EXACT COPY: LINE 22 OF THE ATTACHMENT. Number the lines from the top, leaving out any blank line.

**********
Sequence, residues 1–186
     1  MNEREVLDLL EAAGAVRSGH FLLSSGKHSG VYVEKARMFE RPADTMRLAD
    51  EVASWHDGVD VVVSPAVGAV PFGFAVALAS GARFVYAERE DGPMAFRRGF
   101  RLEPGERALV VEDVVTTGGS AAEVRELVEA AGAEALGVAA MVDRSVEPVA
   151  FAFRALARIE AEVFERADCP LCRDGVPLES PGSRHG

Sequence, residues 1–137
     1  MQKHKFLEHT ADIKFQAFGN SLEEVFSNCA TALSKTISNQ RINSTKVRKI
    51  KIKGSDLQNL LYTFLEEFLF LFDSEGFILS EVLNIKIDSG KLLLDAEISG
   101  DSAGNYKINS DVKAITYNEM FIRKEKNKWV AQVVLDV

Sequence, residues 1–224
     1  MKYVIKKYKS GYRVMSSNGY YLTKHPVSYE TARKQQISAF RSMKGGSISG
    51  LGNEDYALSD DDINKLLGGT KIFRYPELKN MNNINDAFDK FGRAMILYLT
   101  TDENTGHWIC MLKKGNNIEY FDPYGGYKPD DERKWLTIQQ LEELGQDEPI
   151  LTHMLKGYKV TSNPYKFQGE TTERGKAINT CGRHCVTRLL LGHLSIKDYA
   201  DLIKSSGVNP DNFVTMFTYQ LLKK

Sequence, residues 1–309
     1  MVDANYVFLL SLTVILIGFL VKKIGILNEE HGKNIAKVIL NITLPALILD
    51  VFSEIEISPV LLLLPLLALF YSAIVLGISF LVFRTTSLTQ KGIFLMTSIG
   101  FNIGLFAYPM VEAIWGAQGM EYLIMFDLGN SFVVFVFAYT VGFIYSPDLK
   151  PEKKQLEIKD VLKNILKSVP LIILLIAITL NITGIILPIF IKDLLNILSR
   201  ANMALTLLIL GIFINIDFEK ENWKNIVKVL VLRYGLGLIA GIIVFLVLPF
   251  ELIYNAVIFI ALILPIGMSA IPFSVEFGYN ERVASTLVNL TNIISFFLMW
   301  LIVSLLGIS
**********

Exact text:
   251  ELIYNAVIFI ALILPIGMSA IPFSVEFGYN ERVASTLVNL TNIISFFLMW